+               beq +      
 +               asl wrk
 +               rol wrk+1
 +             + lda adr                 ; add character address in.
 +               clc
 +               adc wrk
 +               sta wrk
 +               lda adr+1
 +               adc wrk+1
 +               sta wrk+1               ; address now calculated
 +               jsr setadrs             ; set address in proper chip
 +  loop'install ldx #$08                ; copy 8 bytes.
 +             - jsr get'byte
 +               jsr writebyte           ; write out byte.
 +               dex
 +               bne -
 +               lda mode                ; if 128 then fill out 8 more $00 bytes.
 +               beq +
 +               lda #$00
 +               ldx #$08
 +             - jsr writebyte
 +               dex
 +               bne -
 +             + dec numb
 +               bne loop'install
 +               rts       
 +  What? We have thre subroutines : writebyte, setadrs, and get'byte that we
 +  haven't examined yet. These are going to be the routines that are dependant
 +  on the computer type. Also, writebyte will require that .XY not be disturbed;
 +  setadrs requires that .Y not be disturbed hence the following:
 +       setadrs tya             ; save .yx
 +               pha
 +               txa
 +               pha
 +               lda mode        ; check computer type.
 +               beq +           ; if C=64, then jump ahead.
 +               ldx #18         ; VDC register - current memory address hi
 +               lda wrk+1       ; get address hi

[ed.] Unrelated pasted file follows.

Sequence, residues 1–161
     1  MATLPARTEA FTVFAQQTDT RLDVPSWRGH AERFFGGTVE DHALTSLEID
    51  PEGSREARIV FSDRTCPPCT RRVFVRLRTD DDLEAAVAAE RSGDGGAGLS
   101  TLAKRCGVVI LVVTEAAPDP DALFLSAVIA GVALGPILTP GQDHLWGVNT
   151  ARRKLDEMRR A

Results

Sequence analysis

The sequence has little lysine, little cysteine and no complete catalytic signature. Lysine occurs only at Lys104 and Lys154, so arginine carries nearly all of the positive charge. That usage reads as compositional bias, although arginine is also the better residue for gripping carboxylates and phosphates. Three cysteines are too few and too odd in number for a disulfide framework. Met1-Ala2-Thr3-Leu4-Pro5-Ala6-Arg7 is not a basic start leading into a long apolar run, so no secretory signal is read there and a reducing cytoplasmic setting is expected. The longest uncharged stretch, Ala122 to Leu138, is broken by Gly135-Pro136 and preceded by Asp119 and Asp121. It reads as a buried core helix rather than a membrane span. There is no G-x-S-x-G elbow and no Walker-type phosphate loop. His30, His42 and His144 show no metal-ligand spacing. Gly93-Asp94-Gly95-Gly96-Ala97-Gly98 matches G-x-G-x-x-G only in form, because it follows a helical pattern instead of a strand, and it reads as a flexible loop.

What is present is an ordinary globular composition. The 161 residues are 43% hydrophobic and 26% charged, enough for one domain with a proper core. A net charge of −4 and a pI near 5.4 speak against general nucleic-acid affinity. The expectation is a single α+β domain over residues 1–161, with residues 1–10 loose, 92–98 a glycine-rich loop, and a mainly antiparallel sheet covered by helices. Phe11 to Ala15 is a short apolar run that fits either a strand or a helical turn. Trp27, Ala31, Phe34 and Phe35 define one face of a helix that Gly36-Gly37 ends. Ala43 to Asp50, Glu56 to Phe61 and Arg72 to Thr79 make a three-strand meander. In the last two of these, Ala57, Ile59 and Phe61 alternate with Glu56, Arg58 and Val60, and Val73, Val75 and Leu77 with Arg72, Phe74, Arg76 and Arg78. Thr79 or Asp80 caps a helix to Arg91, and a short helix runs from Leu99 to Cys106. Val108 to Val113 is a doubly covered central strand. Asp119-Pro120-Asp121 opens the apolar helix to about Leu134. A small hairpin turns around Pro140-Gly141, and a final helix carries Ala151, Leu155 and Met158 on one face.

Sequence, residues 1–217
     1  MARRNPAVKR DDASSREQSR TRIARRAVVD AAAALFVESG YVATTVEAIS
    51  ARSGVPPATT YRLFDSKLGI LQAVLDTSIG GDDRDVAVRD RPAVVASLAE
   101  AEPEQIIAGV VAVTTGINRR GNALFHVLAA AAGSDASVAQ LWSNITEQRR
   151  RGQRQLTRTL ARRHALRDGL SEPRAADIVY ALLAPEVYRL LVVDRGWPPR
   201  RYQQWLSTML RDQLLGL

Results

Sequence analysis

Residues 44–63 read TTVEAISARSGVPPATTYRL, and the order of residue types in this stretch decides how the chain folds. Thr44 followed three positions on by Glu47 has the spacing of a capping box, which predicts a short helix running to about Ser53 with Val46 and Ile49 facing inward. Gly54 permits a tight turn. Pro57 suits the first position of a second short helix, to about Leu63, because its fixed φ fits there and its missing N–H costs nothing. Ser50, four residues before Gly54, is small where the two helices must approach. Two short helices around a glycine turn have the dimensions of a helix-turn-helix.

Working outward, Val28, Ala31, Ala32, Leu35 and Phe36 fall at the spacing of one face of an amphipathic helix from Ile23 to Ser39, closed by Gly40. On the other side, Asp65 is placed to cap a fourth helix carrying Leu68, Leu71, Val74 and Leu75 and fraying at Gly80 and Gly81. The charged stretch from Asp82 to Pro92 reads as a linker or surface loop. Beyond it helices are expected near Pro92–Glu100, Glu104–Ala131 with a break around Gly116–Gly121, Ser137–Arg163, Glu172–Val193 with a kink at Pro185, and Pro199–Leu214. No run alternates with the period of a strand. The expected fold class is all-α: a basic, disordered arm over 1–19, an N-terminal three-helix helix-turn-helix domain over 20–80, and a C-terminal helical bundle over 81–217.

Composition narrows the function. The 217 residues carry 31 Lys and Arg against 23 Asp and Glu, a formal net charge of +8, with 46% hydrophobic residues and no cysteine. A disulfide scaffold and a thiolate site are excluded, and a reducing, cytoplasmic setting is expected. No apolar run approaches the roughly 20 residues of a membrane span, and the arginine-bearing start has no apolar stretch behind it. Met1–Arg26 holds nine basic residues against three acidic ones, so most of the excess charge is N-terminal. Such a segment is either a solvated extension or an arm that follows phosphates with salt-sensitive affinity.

+               jsr wr'vdc
 +               ldx #19         ; VDC register - current memory address lo
 +               lda wrk         ; get address lo
 +               jsr wr'vdc
 +             + pla             ; restore .XY
 +               tax
 +               pla
 +               tay
 +               rts             ; and return.
 +  Note that we really don't need a setadrs for the C=64 -- we can just index 
 +  off (wrk) in the writebyte routine which follows:
 +  writebyte    sta temp        ; save as we need it later.
 +               txa             ; Save .XY
 +               pha
 +               tya
 +               pha
 +               lda mode        ; now check computer type.
 +               beq +           ; if c64 jump ahead
 +               lda temp        ; recall temp.
 +               jsr wr'vram 
 +               sec
 +               bcs ++          ; jump ahead
 +             + ldy #$00        ; C64 / y-index = $00
 +               lda temp        ; get value
 +               sta (wrk),    ; store
 +               inc wrk         ; now increase address
 +               bne +
 +               inc wrk+1
 +             + pla             ; now return after recalling .XY
 +               tay
 +               pla
 +               tax
 +               rts             ; and return.
 +  Note that the following routine is fairly short but it is called numerous
 +  times within the routines that use data tables such as install'char, 
 +  write'txt and write'col. 
 +  get'byte = *
 +               lda (zp1),y
 +               iny
 +               bne +           ; if zero then increase zp1 hi
 +               inc zp1+1
 +             + rts
 +  Not bad 'eh?  A quick note: The instructions: PLA, TAY, PLA, TAX, PHA, etc.. 
 +  are routines that Push or Pull (pha,pla) the .A onto the stack. The TAY, TAX,
 +  TXA, TYA are instructions that transfer a register to another (ie: the TAY